As I alluded to before, not everything is perfect. There is some kind of off-by-one error with the channels so the names don’t match up. In my setup you’ll see that “Doorbell 1” has a volume of 0, but that is actually the “Tampering” volume. I had tried to understand the ZW164 channels, and it seems that there is a slight difference in the offset of the channels vs group associations (I’m not sure if I’m using the right term).

The numbers you see in parentheses, (e.g. 8-121-1-2) matches with what the MQTT topic would be for that value. You would use that as the basis for setting up a channel in the OpenHAB MQTT Binding (referring to the zwave2mqtt documentation to understand how to construct the specific topic). I’ve found that one easy way to find out the topics is to subscribe to everything in the MQTT Broker and making changes or toggling devices and observing what topic zwave2mqtt used to publish each method. I then copied the ones I wanted to use as the basis for my MQTT binding setup.

You also have to figure out how to transform the values to the correct OpenHAB states, so it takes some testing/trial and error.

Recently I’ve also been migrating to zwavejs2mqtt, which I think may be the author’s successor to zwave2mqtt; it uses yet another Z-Wave library, which is JavaScript-based… through all this I’ve come to appreciate how complex and difficult it is for developers working on open source Z-Wave stacks - there’s definitely pros/cons of each library and neither are perfect!

The topics in zwavejs2mqtt are slightly different than zwave2mqtt, and I haven’t tested getting the Siren6 up and running there yet, but I think the idea is the same.

Right, I just meant that if someone is going to be annoyed that the database entry doesn’t have a note about the binding issues, they are more than welcome to add one to the database description. :wink:

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@acee, how did you install ZWave2MQTT - using a Docker container, or other method? I presume you are running on a Raspberry Pi configuration, so it’d be helpful if you could point us in the right direction for easiest / most reliable installation method. Of course I’ve already looked at the github for this, (GitHub - OpenZWave/Zwave2Mqtt: Fully configurable Zwave to MQTT gateway and Control Panel using NodeJS and Vue), but interested what method you chose.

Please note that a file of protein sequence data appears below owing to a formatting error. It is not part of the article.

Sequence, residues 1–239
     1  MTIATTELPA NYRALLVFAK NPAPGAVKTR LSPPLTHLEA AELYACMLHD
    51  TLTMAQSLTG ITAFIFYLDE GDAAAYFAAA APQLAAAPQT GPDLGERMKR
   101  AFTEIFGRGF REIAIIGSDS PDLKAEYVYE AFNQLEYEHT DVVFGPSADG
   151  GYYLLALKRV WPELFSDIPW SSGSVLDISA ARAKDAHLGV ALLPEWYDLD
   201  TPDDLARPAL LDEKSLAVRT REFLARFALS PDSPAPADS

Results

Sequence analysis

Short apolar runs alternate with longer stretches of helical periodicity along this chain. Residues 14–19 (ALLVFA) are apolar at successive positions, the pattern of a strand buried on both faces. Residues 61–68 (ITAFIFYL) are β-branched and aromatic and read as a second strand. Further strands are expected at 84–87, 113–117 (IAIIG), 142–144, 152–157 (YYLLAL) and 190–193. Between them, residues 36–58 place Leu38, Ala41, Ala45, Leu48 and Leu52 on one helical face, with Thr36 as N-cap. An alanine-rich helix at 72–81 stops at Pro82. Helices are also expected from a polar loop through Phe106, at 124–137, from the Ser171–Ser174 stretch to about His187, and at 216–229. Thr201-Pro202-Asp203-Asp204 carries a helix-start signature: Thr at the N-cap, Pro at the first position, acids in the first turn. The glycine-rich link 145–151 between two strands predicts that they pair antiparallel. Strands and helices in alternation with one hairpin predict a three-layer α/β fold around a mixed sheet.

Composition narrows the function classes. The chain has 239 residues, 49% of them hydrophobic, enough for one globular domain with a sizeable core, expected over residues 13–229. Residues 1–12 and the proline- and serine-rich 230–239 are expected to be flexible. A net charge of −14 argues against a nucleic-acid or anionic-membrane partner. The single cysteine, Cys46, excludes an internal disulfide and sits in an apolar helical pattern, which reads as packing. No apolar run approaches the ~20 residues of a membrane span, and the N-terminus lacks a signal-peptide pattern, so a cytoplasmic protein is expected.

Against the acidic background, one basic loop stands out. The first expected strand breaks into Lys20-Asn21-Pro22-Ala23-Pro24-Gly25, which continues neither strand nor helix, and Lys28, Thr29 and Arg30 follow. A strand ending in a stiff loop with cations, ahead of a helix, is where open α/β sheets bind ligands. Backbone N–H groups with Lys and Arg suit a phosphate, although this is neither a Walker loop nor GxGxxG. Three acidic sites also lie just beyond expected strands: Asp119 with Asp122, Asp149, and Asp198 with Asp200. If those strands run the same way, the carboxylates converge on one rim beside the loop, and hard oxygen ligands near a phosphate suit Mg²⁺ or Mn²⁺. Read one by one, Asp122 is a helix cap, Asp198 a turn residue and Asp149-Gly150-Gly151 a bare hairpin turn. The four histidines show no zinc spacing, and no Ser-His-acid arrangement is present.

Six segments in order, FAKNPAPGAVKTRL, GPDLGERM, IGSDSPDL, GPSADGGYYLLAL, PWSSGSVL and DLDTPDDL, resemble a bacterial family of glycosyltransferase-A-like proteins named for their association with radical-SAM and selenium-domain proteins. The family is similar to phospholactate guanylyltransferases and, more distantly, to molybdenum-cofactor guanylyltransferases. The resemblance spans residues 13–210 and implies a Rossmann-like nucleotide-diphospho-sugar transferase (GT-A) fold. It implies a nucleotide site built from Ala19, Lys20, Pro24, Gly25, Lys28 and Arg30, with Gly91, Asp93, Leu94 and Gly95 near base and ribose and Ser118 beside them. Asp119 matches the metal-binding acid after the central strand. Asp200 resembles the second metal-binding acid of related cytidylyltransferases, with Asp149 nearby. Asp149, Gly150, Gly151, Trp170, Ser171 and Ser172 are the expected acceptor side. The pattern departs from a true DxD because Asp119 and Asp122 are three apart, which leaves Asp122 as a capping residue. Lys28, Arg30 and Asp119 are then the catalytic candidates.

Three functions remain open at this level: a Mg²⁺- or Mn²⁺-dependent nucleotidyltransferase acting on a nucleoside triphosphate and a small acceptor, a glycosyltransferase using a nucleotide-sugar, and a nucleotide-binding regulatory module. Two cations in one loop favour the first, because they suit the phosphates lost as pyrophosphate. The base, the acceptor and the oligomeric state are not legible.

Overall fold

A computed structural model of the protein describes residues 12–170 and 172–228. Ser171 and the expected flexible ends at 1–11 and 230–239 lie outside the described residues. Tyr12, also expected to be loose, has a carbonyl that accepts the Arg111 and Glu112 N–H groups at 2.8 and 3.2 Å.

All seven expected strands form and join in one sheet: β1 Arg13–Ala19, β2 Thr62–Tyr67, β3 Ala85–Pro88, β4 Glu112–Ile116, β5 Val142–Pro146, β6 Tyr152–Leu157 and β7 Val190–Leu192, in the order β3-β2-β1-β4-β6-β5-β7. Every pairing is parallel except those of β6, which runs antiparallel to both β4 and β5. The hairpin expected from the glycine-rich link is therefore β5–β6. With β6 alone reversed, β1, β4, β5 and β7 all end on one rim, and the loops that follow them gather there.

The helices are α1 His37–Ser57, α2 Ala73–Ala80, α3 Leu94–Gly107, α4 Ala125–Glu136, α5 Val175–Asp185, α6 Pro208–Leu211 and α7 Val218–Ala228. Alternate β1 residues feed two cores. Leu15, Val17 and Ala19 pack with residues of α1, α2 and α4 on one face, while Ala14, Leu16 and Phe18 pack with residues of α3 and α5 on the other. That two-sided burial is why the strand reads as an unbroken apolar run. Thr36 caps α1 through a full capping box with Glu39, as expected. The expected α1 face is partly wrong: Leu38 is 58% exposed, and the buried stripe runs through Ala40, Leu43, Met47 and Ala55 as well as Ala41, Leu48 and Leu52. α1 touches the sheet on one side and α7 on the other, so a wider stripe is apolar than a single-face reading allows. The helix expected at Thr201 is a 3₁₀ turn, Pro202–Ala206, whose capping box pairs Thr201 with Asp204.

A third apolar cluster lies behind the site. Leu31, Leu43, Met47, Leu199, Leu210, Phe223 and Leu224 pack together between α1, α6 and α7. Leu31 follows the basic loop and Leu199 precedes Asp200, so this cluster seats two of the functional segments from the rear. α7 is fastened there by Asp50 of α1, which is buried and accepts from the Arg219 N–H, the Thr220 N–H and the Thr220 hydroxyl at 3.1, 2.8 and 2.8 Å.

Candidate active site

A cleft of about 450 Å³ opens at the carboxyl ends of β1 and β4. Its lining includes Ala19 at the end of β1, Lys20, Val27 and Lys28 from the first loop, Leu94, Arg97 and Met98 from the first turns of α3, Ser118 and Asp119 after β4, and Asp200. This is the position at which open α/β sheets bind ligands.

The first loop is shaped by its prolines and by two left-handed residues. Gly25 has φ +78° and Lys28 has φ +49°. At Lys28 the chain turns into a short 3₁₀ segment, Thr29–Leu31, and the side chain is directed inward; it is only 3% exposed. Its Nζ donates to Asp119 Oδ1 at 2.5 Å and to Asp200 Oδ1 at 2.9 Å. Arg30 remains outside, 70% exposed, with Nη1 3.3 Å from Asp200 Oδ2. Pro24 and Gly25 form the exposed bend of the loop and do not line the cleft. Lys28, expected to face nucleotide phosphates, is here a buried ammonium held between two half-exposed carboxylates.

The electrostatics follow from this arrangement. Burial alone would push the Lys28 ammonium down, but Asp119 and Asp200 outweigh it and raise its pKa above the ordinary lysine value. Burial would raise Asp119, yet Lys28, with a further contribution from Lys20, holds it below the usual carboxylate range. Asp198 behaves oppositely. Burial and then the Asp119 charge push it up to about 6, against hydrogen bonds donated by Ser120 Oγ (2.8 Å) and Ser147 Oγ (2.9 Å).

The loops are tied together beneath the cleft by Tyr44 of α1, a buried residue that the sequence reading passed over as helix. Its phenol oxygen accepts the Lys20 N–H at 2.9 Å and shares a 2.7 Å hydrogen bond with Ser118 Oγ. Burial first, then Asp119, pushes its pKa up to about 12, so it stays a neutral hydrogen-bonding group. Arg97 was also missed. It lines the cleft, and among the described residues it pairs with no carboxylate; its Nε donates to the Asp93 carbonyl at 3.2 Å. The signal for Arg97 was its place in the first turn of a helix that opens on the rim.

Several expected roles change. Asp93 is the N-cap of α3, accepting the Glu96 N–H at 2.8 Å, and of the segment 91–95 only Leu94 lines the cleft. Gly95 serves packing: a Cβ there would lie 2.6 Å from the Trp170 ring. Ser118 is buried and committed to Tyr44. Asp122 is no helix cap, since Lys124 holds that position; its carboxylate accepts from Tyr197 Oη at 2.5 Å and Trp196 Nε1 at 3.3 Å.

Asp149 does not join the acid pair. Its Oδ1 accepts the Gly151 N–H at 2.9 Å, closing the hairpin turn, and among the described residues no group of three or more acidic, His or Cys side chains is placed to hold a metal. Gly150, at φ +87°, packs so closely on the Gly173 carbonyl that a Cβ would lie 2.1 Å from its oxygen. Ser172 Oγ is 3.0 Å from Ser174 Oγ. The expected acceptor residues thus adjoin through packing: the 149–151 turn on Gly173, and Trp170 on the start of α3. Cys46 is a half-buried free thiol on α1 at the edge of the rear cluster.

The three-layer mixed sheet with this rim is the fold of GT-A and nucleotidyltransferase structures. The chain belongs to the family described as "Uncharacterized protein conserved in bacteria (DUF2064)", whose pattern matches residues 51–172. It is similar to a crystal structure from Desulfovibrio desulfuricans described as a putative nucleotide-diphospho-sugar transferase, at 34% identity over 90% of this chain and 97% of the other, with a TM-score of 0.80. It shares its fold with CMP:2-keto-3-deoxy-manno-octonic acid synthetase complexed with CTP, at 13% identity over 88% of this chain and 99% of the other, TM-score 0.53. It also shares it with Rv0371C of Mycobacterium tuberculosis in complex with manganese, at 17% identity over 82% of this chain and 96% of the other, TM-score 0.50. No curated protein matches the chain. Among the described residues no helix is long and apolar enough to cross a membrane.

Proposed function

I am using Docker, inside a Hyper-V Linux virtual machine. Originally I ran it directly in the Linux VM because I couldn’t figure out how to share the Z-Wave USB stick with a Docker container due to my setup being inside Hyper-V, but once I figured that out I switched to using Docker. I’m now also looking to run OpenHAB itself in Docker as I’ve found it’s a lot easier to upgrade versions without worrying about software dependencies (I had some issues in the past with Java versions getting messed up).

So in my opinion, Docker is the easiest way to get it up and running.

If you are using a Raspberry PI (or otherwise running the docker host directly on your hardware), you should be able to use the docker compose file the author provided more-or-less directly assuming your Z-Wave USB device is at /dev/ttyACM0

You will also need to setup your own mqtt broker, which I am also using Docker for.